Students, scientists, sustainability experts and big brands gathered at Imperial to find creative solutions to the plastic pollution crisis.
The Plastic Hackathon, spearheaded by sustainability campaigner Dhruv Boruah and developed and run by Dr Leila Sheldrick from Imperial took place at the College’s Dyson School of Design Engineering earlier this month.
The event brought together over 100 individuals to find suitable solutions to help tackle global plastic pollution, including industry experts, scientists, students and sustainability champions from businesses such as Just Eat and Marks & Spencer.
At the Hackathon teams were challenged to find alternatives to current plastic packaging, or design solutions that promote its reuse. This was focused on five key areas: grocery packaging, grab and go food, takeaway meals, internet shopping and personal care items. Imperial students from the Dyson School of Design Engineering supported the teams as they developed their projects.
Key industry representatives
The Hackathon was another example of how Imperial College London and its students are pioneering innovation right from idea generation to execution. Dhruv Boruah Organiser of the Plastic Hackathon
The teams then pitched their ideas to an expert panel of key industry representatives, entrepreneurs and impact investors.
The winning team, called ‘Mindful Minis: Sample, Travel, Repeat’, focused their efforts on reducing plastic pollution at airport security, where an estimated 5000 tonnes of plastic waste is thrown away every year. Their idea is a system of pop-up shops selling reusable pouches of cosmetics which could then be returned and reused at other airports with partnered stores.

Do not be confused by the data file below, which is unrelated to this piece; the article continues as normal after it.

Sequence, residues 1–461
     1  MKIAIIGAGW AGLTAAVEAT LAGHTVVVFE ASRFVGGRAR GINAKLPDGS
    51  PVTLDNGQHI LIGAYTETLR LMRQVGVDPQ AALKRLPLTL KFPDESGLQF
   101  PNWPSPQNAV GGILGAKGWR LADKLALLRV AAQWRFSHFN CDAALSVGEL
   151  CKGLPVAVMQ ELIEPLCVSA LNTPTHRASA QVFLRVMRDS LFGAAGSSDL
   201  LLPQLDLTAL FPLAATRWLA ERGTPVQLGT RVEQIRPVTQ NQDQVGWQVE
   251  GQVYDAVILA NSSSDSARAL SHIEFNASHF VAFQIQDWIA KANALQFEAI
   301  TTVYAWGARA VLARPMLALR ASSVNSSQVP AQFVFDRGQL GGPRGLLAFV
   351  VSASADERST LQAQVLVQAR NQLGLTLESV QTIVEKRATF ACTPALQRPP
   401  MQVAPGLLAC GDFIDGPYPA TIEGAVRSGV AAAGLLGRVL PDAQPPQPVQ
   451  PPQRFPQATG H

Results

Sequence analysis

Other finalists included the ‘Tupper Club’ who attempted to reinvent the lunchbox and takeaway dining experience using a Tupperware ‘drop and wash’ subscription model.
Dr Leila Sheldrick, lecturer in Industrial Design at the Dyson School of Design Engineering, developed the Hackathon in collaboration with Dhruv. She said: “Our students are trained to work across disciplines to bring ideas together and realise impactful solutions. Working with the guest experts visiting us on the day, they were perfectly placed to drive forwards idea development, and now to work to take the concepts into the real world.”
Dhruv Boruah is calling for greater open collaboration and coordination to ensure solutions are found to the mounting plastic problem. He said: “The Hackathon was another example of how Imperial College London and its students are pioneering innovation right from idea generation to execution.
“The pioneering Plastic Hackathon not only delivered by getting young people to work with industry experts to fix their future but we also managed to connect stakeholders from the entire value chain to foster cross-sector collaboration to achieve a circular economy.
“The next steps are to spend some time with the individual teams, get to know their motivation and work with them to bring these solutions to market. And obviously to the next Hackathon to inspire the country from awareness to solutions because time is running out!”
Article text (excluding photos or graphics) © Imperial College London.
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